The First Native Migrant?

Those of us with immigrant ancestors who crossed the pond often try and figure out where our actual ancestors fit into the larger migration cluster. This is often done by trying to determine who or what brought our immigrant to the area where they settled. What relatives or former neighbors already lived there? What relatives or former neighbors came after them? Who else was in the migration cluster?

We can sometimes forget to do this for our ancestors who were simply migrating from one part of the United States to another. I was working on a couple who migrated from Coshocton County, Ohio, into Adams and Hancock Counties in Illinois in the late 1840s. The husband had several first cousins who settled in the area. The wife had a sister and brother-in-law who also settled in the area. I’m assuming they all knew of each other’s existence and did not randomly end up in the same general area.

It is important to also remember that others besides our biological family may have been a part of this migration cluster. In my case, the brother-in-law’s family also made the move to the area as well suggesting that the migration was larger than just my one pair of ancestors and some of their biological family members. The cluster might have been larger than you think.

Uncommon Names Aren’t Always

One of my wife’s ancestral surnames is Schollmeyer. Not the most common last name in Davenport, Iowa. In the village in Germany where they were from, the parish register of births contained numerous entries for that last name. In fact, in some years 1/3 of the entries had the father with the last name of Schollmeyer or the mother with that maiden name.

All the Grandchildren’s Names

Repeated names can be clues to names of earlier family members. Repeated names are not guaranteed to mean that any given ancestor had a particular name, but names used over and over may mean something and have some connection to an earlier biological relative.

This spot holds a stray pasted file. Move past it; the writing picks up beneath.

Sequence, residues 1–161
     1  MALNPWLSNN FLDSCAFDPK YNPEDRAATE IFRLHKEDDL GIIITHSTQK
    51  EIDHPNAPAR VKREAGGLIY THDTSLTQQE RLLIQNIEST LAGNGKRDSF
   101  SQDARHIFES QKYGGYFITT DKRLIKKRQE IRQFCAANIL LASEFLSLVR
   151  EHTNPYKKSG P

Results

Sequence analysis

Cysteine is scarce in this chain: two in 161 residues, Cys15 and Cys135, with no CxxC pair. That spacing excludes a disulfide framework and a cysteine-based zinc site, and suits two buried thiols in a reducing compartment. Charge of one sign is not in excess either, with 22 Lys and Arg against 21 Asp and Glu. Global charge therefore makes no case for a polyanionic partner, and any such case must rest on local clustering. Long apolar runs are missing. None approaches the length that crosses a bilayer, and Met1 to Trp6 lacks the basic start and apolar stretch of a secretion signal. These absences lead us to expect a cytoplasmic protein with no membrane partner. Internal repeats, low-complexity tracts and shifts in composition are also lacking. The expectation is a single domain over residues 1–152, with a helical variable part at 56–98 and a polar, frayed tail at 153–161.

I was looking over a list of heirs of Barbara Haase who died in 1903 and realized that out of her twentysome grandchildren, two were named Kate. I had never noticed that before. Does it mean anything? At this point, I’m not certain. However, if I eventually get “candidates” parents of  Barbara, I’ll work first on any couple where the wife is named Katherine or the name Katherine appears frequently.

Don’t just look in your direct line of descent for name clues.

Did Your Ancestor Own Books?

Estate inventories can be suggestive of a family’s general level of literacy. This 1823 estate inventory from Coshocton County, Ohio, lists several books that he owned upon his death–including a Bible, a prayer book, “Pilgrim’s Progress,” a “Pocket Book and History,” and four “small Book[s].”

It’s not conclusive proof that every member of the Rampley family was literate, but the fact the family owned book is suggestive that some family members could ready. Thomas’ widow, Christianna, purchased these books (not just the apparent family Bible) from the estate sale of her husband’s estate in the fall of 1823. Several of Christianna’s children would have been of an age to attend school in 1823 and it’s possible the small books were school primers of some sort.